No relation to California. It’s more of a paint swatch… a space in the mind. The shores where queer bodies gather in harmony. 

The name actually comes from the creative mind of the gallery owner, Johnny Sagan. I met Johnny via Instagram, as it goes and as most of my connections begin. Johnny found me and reached out last fall. We talked about the gallery and him wanting to use it to show the work of queer artists and here we are at the second show of URSA NYC. I first saw the space in February, and was in love with the idea of filling this cavernous basement studio with my many small paintings. Johnny also gave me the freedom to create my vision of a show. 

As I sit here looking at this almost-completed installation of my work, I can feel myself overcome by emotions. Nearly four hundred paintings line the walls, columns, and floors of the gallery. That’s ten years of my life, all of the events and emotions transcribed in oil on small silver squares. 

It has been a blessing to bring so much of my art to one concentrated space to be seen by many, and also by me, for the first time in this proximity. So many memories held within, in subjects, in the brushstrokes. My painting has been my journal, my catharsis.

SILVER, LAKE reflects a journey, many journeys in many ways. A non-linear story whose narrative can be read differently by each viewer. 

If I were to describe a visual journey along the wall, starting from under the title is the real heart of the show for me; the pieces here reflect the show in its entirety and also these subjects are very dear to my heart. The wall next to it is a focus on the many bodies, the many selfies. The focus is flesh. It goes from boys loitering, showing off, to more of a group and community vibe, bodies at the beach, figures embracing or in acts of love. This portion of the show is reflective of summer 2020. There are portraits of activists, there are moments of joy at the beach; and the pieces sort of crescendo into deep intimacy and sexual moments. This portion is filled with nature as well, the full abundance of life.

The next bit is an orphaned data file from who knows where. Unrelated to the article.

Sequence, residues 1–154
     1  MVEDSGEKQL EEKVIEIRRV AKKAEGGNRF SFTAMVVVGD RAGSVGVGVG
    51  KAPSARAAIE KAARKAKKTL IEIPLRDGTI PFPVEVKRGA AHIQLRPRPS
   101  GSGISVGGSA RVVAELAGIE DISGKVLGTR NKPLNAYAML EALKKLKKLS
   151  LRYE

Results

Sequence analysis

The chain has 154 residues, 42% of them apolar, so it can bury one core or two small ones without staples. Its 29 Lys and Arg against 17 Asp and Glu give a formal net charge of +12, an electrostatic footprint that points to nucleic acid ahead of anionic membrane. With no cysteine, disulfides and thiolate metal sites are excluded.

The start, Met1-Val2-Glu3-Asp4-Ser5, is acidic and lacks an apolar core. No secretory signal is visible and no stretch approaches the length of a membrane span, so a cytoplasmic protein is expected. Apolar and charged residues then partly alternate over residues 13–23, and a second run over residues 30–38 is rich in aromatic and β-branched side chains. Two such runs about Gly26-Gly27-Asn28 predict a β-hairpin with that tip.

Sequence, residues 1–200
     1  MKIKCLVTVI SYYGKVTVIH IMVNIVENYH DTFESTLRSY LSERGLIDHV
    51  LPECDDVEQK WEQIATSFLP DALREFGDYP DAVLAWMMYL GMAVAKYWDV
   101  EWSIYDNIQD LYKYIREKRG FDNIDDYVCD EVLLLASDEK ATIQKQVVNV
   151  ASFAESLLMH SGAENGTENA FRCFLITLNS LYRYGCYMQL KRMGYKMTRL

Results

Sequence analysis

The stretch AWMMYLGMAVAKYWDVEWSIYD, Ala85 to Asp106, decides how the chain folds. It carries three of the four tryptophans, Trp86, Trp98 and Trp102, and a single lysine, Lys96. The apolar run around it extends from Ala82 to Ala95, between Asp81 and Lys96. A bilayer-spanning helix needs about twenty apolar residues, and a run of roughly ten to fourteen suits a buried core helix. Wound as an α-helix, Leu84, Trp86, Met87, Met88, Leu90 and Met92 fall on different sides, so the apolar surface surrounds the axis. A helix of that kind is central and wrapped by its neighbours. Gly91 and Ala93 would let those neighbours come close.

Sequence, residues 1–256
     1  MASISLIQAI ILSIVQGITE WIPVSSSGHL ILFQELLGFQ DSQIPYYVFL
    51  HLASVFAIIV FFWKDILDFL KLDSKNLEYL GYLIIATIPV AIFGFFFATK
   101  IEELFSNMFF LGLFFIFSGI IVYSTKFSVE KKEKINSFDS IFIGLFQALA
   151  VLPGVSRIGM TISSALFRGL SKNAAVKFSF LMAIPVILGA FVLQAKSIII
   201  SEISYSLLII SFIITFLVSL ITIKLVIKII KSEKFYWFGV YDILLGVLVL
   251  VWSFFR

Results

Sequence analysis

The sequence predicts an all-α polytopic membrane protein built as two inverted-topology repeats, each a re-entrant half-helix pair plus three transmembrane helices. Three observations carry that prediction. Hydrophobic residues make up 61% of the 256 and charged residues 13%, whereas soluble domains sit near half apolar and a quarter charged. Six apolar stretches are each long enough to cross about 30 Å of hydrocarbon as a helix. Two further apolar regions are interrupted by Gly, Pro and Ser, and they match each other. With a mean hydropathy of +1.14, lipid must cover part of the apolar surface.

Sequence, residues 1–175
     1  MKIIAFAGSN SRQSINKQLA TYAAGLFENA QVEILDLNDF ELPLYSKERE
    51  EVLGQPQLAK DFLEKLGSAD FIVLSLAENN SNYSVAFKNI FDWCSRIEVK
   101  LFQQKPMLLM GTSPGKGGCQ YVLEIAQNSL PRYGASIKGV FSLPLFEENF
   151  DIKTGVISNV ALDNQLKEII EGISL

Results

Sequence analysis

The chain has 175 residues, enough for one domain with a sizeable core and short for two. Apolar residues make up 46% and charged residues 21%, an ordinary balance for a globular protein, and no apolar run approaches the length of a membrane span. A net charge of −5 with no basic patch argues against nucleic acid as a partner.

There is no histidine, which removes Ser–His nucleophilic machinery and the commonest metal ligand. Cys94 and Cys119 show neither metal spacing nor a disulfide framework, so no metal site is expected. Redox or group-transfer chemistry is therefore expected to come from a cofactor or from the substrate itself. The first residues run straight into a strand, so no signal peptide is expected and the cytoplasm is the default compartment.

I have always been a boy of summer, so these pieces reflect some of my greatest joy. The journey then turns to the beach again, but this time it is colder, and contemplative. My art and the ocean have both been my catharsis and outlet, so I wanted to show the happy and sad emotions as presented through my work. I spent a lot of 2020 walking on the beach alone thinking. I am an introspective extrovert in many ways and this last slice of the show takes on a darker note, but there cannot be light without dark. The twisted faces, the hands to the face, it’s very melancholy. And then the final wall of paintings with a large panel of me, in underwear, looking back at the whole show with dogs leaping out of the darkness over my shoulder.

The past year has been a certain journey, a walk through the concrete jungle, along Jamaica Bay, through many parks and neighborhoods, and almost always in search of forest or silver shore. 

I have been making these works for a long time. I first came to creating small works on Mylar when I lived in Cleveland and shared a studio with a friend above the bakery we worked at. She had sheets of Mylar that were backed with adhesive, and I just began painting photos saved from Tumblr on my phone and sticking them to the wall as I finished. 

My main intent in my work is to represent the beauty of the larger queer community and my chosen family, to show the beauty in all types of bodies, and to record our lives in these times. I hope you enjoy seeing them, and maybe yourself, here on the shores of SILVER, LAKE. 

(I can’t thank STUDIO KUBO, Cal, enough for all his hard work on this catalog, this show—a lot would not have been possible. I also of course owe a million thanks to Snowy Wilderness aka Johnny Sagan, the bear behind URSA NYC. Without his kindness and generosity and unique vision this show also would not have been possible. I am forever grateful to him and the whole URSA family.) 

— Adam Chuck, May 2021